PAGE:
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A career in Meteorology is on the horizon for Griffin Evans

Griffin Evans
Griffin Evans
Griffin Evans

DANBURY, Connecticut — For 18-year-old Griffin Evans, family traditions are important. A freshman entering his second semester at Western Connecticut State University, Evans pretty much knew he’d attend Western after graduating from Bethel High School in 2023, since both of his parents are alumni and it’s considered “the family school.” Even though he considered some other options, Evans decided to attend his parents’ alma mater because “it was close to home, I could commute, and it offered a degree in Meteorology,” he said. “It was a good fit.”

Another tradition in Evans’ family has been involvement in the Boy Scouts. Since childhood, Evans had watched his older brother, Rhys, progress through the ranks as a Scout, ultimately achieving the rank of Eagle Scout. So, it was only natural that he would aspire to the same achievement, which he completed in November 2023.

“I’ve been involved in Scouting for most of my life,” Evans said. “My brother joined when he was in first grade, and I followed him into Cub Scouts and then Boy Scouts.”

A requirement for becoming an Eagle Scout is the completion of a community service project and Evans’ Eagle Project was to construct a suitable container for the retirement of American flags at Bethel American Legion Post 100. “We had always been involved in the flags going up in the cemetery for Memorial Day,” Evans explained, “and I observed that the container for retired flags needed to be bigger and a more respectable place for flags to be retired.” Evans led a team of his fellow Scouts in creating and installing his project. He will receive his Court of Honor in the future when his troopmate who also achieved Eagle Scout returns home from college out of state.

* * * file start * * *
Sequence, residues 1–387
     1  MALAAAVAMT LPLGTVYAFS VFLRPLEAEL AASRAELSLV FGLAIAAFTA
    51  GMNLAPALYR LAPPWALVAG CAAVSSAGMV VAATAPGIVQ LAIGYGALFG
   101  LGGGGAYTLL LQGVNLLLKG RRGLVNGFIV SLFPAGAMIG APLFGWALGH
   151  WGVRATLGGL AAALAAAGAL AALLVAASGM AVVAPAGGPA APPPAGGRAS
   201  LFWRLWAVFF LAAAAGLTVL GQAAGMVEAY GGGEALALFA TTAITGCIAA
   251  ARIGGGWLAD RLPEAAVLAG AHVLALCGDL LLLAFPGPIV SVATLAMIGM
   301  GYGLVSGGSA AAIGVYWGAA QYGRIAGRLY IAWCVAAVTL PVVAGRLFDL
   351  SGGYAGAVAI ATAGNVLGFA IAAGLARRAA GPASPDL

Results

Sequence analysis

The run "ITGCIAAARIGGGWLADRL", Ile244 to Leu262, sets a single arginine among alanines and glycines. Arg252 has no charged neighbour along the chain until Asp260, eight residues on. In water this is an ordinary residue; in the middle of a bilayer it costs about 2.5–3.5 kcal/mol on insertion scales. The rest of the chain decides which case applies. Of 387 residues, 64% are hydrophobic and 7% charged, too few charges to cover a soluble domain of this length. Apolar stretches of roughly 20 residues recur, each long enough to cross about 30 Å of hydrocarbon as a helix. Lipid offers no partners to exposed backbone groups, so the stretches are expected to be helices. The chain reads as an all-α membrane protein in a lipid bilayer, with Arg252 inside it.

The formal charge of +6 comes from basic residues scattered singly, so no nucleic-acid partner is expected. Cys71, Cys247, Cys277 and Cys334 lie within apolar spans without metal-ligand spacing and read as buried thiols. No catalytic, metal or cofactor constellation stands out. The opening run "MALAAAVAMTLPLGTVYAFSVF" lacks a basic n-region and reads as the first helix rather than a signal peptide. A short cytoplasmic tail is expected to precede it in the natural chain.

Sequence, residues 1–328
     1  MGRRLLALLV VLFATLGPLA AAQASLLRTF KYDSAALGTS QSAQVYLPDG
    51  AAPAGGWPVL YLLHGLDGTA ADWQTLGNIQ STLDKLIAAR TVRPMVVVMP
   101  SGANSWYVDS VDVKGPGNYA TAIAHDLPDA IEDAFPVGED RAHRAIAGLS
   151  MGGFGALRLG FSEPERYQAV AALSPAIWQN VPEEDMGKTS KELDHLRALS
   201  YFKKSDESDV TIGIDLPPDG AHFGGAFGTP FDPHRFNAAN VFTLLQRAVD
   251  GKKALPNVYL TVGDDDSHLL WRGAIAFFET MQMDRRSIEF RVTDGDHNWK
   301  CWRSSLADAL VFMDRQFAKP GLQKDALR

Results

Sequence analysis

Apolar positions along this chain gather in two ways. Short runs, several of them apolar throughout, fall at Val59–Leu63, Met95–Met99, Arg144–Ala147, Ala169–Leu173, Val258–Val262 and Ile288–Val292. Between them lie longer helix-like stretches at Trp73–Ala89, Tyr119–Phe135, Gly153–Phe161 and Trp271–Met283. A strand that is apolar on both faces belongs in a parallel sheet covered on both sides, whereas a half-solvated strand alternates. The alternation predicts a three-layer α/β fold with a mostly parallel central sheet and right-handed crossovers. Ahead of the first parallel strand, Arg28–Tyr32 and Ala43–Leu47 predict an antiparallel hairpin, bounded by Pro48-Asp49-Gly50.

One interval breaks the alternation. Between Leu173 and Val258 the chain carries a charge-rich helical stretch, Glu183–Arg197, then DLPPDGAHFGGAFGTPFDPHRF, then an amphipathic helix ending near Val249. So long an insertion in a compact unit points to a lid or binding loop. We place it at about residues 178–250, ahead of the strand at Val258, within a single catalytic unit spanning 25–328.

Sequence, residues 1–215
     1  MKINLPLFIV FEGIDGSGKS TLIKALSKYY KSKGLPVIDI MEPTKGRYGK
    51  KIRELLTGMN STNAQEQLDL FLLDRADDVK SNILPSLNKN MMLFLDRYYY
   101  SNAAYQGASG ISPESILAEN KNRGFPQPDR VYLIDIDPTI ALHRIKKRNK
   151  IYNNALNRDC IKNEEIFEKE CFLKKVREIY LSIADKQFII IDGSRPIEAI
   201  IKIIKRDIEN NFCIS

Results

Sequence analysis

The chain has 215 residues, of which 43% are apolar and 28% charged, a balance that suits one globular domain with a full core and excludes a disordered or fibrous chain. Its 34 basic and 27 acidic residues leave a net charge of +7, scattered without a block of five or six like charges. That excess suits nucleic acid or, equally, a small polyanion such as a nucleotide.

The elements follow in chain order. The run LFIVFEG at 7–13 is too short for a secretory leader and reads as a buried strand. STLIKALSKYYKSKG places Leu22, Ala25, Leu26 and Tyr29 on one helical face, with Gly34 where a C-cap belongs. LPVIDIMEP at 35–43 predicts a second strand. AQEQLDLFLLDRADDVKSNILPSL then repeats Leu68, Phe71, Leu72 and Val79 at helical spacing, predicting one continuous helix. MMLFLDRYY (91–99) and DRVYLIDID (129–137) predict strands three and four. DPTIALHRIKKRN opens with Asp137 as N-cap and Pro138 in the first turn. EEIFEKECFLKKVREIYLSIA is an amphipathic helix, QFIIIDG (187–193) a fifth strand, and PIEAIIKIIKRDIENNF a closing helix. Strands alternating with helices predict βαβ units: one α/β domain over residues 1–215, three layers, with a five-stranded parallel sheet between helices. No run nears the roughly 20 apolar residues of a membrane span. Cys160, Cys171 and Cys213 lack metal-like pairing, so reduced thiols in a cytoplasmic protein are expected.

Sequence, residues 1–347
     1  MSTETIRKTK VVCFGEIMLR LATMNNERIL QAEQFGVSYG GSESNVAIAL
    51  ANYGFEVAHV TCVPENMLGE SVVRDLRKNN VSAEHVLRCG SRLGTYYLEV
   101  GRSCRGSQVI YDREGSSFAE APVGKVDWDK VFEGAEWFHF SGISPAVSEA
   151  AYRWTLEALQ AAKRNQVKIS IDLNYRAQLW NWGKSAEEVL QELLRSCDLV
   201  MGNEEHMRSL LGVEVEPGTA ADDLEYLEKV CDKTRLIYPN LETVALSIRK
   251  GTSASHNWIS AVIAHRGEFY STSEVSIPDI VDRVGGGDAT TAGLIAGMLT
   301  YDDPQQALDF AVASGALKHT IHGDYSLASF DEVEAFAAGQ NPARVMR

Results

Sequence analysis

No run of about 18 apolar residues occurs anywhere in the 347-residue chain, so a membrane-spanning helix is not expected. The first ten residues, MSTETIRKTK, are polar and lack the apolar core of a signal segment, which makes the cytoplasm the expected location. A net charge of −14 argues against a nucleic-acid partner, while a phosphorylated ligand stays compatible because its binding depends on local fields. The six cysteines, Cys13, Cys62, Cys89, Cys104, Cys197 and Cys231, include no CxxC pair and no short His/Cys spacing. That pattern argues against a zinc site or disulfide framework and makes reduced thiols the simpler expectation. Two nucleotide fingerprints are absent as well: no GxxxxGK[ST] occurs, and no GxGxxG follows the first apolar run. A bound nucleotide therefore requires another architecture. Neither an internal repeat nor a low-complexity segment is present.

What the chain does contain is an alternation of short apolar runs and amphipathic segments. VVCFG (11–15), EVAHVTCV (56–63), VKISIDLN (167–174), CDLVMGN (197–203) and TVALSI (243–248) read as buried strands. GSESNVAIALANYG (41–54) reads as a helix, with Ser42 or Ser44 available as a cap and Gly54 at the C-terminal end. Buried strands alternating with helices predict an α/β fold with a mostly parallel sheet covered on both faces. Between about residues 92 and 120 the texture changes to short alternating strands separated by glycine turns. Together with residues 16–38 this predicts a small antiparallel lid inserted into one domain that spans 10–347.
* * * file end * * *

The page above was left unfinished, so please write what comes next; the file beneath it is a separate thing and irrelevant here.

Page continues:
Evans explained that there are 18 or 19 badges relating to citizenship, life skills and more that are also required to reach Eagle Scout. He said he has accumulated almost twice that number. “It really helps because it teaches all of the life skills that you’re going to need in the future to be a better person,” he said. “And the discipline and time management skills will help with college and life going forward.”

Having aged out of Scouting, Evans now is focused on what lies ahead. He said he’s “easing into the college experience” and is enjoying it much more than high school. “In college, you have more freedom,” he explained. “In high school, it feels like you are just taking filler classes to meet requirements. At Western, I’m taking courses in Meteorology and studying what I’m working toward: my future.” He aspires to a future working at someplace like the National Weather Service, compiling data and creating weather forecasts. “I’m good at math, physics and logic, and I’ve always had a fascination with weather,” he said. “It just makes sense.”

 

Western Connecticut State University changes lives by providing all students with a high-quality education that fosters their growth as individuals, scholars, professionals and leaders in a global society. Our vision: To be widely recognized as a premier public university with outstanding teachers and scholars who prepare students to contribute to the world in a meaningful way.